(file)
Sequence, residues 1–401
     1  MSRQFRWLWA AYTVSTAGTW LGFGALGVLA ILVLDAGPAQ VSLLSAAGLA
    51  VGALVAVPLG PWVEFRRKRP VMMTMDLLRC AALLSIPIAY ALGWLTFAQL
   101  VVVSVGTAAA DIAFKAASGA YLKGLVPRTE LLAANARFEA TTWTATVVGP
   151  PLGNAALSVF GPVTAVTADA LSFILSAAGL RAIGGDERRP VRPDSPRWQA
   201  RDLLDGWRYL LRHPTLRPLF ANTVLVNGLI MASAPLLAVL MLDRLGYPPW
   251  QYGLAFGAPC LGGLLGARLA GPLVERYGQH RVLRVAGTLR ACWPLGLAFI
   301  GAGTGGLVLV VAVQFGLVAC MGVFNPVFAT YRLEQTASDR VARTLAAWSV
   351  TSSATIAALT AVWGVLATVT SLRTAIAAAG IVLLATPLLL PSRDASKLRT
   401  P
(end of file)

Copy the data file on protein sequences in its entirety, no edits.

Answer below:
Sequence, residues 1–401
     1  MSRQFRWLWA AYTVSTAGTW LGFGALGVLA ILVLDAGPAQ VSLLSAAGLA
    51  VGALVAVPLG PWVEFRRKRP VMMTMDLLRC AALLSIPIAY ALGWLTFAQL
   101  VVVSVGTAAA DIAFKAASGA YLKGLVPRTE LLAANARFEA TTWTATVVGP
   151  PLGNAALSVF GPVTAVTADA LSFILSAAGL RAIGGDERRP VRPDSPRWQA
   201  RDLLDGWRYL LRHPTLRPLF ANTVLVNGLI MASAPLLAVL MLDRLGYPPW
   251  QYGLAFGAPC LGGLLGARLA GPLVERYGQH RVLRVAGTLR ACWPLGLAFI
   301  GAGTGGLVLV VAVQFGLVAC MGVFNPVFAT YRLEQTASDR VARTLAAWSV
   351  TSSATIAALT AVWGVLATVT SLRTAIAAAG IVLLATPLLL PSRDASKLRT
   401  P